The Writers’ Writer’s Writing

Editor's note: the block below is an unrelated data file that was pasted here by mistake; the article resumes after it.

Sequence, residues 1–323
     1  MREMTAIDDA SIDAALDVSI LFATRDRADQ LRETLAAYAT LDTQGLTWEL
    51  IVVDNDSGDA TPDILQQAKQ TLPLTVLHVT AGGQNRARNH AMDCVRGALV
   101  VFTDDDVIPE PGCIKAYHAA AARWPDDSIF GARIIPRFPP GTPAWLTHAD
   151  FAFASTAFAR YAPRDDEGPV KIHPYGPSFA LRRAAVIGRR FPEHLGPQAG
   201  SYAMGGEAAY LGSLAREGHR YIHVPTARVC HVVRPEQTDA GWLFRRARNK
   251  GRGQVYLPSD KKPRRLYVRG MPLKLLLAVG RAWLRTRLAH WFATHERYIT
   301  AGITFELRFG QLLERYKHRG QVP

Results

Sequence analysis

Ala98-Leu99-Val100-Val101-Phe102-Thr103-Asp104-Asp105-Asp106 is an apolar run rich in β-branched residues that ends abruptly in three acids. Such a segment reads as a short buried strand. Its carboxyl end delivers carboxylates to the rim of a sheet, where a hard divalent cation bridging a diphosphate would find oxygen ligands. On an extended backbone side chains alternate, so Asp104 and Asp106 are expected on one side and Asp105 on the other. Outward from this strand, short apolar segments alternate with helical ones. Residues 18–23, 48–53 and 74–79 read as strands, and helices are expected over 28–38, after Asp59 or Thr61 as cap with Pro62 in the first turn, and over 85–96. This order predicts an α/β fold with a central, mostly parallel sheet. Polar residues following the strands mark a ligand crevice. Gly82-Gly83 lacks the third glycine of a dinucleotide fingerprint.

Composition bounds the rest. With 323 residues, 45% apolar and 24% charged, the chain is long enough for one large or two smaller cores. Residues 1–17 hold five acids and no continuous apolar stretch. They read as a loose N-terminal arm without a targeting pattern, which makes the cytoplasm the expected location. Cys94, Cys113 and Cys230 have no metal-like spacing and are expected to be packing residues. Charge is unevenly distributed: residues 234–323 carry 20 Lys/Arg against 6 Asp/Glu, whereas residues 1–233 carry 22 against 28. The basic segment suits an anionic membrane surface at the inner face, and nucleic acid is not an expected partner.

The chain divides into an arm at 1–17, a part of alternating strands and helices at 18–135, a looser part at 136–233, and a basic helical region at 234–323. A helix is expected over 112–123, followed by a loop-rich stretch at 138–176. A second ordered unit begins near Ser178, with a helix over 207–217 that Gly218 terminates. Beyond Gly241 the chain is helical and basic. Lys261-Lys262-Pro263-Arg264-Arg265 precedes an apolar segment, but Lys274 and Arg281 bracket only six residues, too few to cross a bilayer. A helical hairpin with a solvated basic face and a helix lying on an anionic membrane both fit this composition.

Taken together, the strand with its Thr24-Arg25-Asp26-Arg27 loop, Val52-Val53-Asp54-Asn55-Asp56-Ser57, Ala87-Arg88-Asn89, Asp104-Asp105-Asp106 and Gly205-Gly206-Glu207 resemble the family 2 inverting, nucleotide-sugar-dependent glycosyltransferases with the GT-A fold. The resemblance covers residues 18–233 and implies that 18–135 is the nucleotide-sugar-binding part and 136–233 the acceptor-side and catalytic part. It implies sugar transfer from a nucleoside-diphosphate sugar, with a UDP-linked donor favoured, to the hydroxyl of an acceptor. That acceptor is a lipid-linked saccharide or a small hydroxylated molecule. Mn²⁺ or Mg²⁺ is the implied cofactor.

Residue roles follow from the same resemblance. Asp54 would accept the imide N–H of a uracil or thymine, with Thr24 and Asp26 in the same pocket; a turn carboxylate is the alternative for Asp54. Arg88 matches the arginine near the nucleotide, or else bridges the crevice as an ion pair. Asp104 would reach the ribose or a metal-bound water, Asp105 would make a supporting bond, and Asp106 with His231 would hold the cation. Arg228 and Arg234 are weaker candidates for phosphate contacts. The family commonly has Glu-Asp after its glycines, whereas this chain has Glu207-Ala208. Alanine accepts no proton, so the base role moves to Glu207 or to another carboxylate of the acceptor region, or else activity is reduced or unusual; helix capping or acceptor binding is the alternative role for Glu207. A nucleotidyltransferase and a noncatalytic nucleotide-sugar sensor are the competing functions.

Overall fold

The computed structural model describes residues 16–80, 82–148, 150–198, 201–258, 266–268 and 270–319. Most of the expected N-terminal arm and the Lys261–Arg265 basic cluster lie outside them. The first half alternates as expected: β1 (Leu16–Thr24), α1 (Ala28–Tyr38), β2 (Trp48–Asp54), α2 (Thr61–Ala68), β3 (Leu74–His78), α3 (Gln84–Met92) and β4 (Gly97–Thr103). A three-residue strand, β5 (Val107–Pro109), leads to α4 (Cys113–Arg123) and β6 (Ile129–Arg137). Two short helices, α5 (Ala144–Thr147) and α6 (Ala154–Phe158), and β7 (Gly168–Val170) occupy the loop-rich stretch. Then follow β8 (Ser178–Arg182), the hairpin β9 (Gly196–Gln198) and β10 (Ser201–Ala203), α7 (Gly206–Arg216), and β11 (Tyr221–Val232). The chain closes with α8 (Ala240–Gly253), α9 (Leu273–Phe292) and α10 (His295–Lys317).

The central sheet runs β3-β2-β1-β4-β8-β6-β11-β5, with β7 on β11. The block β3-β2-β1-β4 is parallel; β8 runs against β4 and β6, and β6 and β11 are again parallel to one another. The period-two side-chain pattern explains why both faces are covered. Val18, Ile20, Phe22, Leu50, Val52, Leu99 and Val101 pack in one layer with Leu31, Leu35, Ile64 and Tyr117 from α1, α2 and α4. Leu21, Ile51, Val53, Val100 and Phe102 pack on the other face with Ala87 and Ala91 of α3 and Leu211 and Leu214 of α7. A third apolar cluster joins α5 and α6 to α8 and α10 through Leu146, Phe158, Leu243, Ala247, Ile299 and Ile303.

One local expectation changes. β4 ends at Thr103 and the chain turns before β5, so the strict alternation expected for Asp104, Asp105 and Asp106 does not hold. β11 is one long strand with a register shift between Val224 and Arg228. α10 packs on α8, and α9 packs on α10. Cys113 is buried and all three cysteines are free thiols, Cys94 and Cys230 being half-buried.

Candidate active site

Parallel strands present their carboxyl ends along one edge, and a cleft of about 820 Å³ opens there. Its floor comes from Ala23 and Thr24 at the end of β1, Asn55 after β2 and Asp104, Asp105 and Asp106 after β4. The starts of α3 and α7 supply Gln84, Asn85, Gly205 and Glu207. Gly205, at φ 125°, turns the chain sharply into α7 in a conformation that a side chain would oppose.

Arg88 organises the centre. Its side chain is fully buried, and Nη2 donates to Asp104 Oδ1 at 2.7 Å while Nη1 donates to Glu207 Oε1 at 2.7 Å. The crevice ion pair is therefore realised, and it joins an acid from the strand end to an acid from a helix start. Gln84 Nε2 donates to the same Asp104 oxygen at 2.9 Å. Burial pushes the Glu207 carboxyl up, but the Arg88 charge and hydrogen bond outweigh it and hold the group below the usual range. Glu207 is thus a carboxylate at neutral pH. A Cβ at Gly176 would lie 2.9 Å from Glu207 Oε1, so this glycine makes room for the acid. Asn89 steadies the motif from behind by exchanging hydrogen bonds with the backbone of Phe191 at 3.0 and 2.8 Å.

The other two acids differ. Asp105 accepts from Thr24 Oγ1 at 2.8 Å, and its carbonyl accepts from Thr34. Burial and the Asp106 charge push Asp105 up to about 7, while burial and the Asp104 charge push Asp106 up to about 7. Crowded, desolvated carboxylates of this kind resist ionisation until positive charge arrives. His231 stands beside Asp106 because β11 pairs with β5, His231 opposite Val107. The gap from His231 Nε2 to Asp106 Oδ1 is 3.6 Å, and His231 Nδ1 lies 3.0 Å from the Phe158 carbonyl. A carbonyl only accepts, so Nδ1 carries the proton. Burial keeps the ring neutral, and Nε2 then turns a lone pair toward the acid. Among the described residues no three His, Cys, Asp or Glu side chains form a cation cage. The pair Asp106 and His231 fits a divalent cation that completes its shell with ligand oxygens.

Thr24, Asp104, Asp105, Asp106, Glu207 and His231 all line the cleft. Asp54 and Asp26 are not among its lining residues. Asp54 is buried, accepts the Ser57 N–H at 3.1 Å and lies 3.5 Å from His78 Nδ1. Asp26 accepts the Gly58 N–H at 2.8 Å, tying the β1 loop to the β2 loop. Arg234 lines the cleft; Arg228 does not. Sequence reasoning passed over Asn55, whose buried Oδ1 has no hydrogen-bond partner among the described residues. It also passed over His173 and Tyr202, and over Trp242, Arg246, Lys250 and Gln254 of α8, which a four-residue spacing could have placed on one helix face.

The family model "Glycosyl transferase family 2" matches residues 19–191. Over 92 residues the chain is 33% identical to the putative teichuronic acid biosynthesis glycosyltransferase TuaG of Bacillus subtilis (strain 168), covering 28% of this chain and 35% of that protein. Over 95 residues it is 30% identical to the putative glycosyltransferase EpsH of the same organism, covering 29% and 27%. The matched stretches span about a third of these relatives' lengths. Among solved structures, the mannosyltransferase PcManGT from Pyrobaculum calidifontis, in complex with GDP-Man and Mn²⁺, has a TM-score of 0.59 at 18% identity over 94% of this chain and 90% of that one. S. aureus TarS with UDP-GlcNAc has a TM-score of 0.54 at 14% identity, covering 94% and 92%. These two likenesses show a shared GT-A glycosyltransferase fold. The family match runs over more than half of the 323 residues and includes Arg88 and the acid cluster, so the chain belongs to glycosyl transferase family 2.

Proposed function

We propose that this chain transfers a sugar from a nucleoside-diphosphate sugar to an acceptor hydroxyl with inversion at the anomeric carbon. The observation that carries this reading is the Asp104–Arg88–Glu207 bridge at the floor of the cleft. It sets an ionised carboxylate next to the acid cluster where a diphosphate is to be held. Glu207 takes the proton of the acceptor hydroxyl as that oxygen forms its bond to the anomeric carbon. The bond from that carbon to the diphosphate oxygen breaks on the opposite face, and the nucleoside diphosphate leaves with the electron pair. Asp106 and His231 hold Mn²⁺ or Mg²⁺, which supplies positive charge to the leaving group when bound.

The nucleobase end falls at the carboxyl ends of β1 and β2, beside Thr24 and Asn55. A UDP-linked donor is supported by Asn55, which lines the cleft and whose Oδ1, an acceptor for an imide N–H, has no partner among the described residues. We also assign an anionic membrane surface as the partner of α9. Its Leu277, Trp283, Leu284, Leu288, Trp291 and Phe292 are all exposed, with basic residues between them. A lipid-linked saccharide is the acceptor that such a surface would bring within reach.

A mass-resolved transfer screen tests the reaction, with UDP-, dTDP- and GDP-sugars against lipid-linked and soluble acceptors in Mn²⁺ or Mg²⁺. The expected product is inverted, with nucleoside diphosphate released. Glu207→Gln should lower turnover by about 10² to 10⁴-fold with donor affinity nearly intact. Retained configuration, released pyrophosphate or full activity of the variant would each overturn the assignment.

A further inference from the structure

In certain respects, Davis is as quirky an essayist as she is a short-story writer. The greatest practitioners of the form – Hazlitt, Woolf, Orwell (choose your own) – tend to write in ways that seek to draw the reader into the movement of their thoughts. There is a sense of ideas and arguments being pursued on the page. Davis’ essays are interestingly unlike this. She does enliven them with the occasional autobiographical reminiscence; some of them even have the bones of a narrative structure. In an essay on the now little-read American writer Edward Dahlberg, for example, she undertakes an informal survey, asking every bookish person she meets their opinion of him. But her approach tends to be plainspoken and paratactic. There is often a sense that the thinking is already done and Davis is simply reporting her results, leaving readers to make of them what they will.